The Path Procedure
Let us consider the unrestricted integer partitions, which have at least three different twoline matrix representation. We choose the following one.
Theorem 2.1
(Theorem 4.1, Santos et al. 2011) The number of unrestricted partitions of n is equal to the number of twoline matrices of the form
where \(c_s=0\), \(c_{t}=c_{t+1}+d_{t+1}\), and the sum of all entries is equal to n.
Observe that for every matrix the sum of the entries of each column gives the respective part of the original partition. That is, the \(k^{th}\) part of the associated partition of n is equal to \(c_k+d_k\). For \(n=6\) we have the following.
Example 2.2
For \(n=6\) we have \(p(6)=11\), and so there are 11 matrices satisfying Theorem 2.1, shown in Table 1.
We associate each matrix of Theorem 2.1 (and thus each partition of n) to a path built through the Cartesian plane, connecting the point \(P=(\sum _{i=1}^{s} d_i,\sum _{i=1}^{s} c_i)\) in the line \(x+y=n\) to the origin (0, 0). We choose the second line of the matrix to be associated to the xaxis, and the first line to be associated to the yaxis.
The path consists of shifting \(c_s\) units down, \(d_s\) units to the left, then \(c_{s1}\) units down, \(d_{s1}\) units to the left, and so on, ending with \(d_1\) units to the left. So we create a path which connects the following points:
Example 2.3
For \(n=6\) we take the matrix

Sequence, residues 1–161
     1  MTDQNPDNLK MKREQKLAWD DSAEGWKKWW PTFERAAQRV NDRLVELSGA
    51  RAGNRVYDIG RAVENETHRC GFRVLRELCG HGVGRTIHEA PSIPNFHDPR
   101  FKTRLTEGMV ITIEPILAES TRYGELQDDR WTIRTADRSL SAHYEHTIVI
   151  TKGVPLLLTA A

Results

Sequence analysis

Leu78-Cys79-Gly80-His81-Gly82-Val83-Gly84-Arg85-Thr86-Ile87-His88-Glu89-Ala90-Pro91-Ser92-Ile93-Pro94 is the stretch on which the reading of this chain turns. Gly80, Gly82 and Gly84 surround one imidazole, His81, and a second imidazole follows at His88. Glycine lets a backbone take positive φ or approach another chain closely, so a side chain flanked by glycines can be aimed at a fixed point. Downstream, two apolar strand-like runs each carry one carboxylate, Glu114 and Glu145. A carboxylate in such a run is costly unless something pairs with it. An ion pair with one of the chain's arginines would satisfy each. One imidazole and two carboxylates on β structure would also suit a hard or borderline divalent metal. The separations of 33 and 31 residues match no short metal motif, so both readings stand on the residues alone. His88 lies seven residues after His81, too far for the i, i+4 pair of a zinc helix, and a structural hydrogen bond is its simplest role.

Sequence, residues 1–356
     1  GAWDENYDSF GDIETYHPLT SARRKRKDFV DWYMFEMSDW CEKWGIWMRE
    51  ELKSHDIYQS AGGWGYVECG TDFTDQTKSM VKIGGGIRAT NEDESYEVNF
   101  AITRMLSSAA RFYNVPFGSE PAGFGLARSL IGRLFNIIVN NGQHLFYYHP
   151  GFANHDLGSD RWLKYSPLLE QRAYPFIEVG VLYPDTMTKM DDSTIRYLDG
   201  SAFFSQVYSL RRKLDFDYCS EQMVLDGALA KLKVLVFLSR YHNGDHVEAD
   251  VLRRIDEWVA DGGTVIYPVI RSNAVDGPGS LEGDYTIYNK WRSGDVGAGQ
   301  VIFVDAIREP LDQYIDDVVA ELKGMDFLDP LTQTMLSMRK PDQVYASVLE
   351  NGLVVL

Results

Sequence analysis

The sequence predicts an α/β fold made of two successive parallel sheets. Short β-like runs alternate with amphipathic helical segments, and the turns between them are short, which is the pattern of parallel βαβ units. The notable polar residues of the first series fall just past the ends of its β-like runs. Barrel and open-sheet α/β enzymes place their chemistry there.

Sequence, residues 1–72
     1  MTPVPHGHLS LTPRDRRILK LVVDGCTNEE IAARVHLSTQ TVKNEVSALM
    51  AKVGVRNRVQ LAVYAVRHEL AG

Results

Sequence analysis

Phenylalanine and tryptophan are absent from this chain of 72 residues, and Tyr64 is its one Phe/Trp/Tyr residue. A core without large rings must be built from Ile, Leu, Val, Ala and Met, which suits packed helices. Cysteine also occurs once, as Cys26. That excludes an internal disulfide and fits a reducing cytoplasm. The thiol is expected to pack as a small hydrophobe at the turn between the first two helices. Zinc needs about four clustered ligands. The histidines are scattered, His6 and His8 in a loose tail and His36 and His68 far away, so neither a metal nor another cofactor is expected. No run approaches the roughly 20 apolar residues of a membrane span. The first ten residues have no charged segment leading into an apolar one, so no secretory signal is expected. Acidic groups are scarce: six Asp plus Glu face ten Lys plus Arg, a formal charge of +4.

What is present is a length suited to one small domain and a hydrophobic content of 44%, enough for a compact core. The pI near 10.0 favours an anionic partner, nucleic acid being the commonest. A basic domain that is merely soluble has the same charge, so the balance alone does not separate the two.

associated to the partition (2, 2, 1, 1). The path associated to M connects the points (2, 4), (1, 4), (1, 3), (1, 2), (0, 2), and (0, 0), as shown in Fig. 1.
Remark 2.4
Note that \(\big (\sum _{i=1}^{s} d_i,\sum _{i=1}^{s1} c_i\big )=P\), since \(c_s=0\).
Remark 2.5
According to the conditions satisfied by the entries of each matrix of type (1), note that every down move is necessarily at least as large as the previous left move.
Now we reflect the path through the line \(x+y=n\) and create the parts of a new partition by taking hooks of the following sizes.
Based on the construction above, we get a partition of some integer m into distinct odd parts greater than 1 and less than or equal to \(2n1\), since the matrix representation of an original unrestricted partition of n has entry \(d_1\ge 0\). Therefore, \(m\le n^21\).
Example 2.6
For the matrix
associated to the partition (2, 2, 1, 1) of \(n=6\), the hooks given by the reflection of the path through the line \(x+y=6\) provide the parts 11, 9, 5, and 3, that is, the partition \(\mu =(11,9,5,3)\) of \(m=28\). Figure 2 below helps to understand the process.
Example 2.7
By considering all the matrices in Example 2.2 we get the partitions contained in Table 2.
It is clear that each matrix associated to a different partition of n generates a different path from the line \(x+y=n\) to the origin (0, 0), and therefore a different partition into distinct odd parts. However, there are matrices associated to partitions of different integers n that induce different paths but same hooks, generating the same partition into distinct odd parts. This fact is illustrated in the next example.
Example 2.8
Let us take the partition (4, 1, 1) of 6 and the partition (2, 1, 1) of 4. The matrices associated to them are, respectively,
The paths that these matrices origin are different, although both paths induce the same hooks and, therefore, the same partition into distinct odd parts, as shown in Fig. 3.
Definition 2.9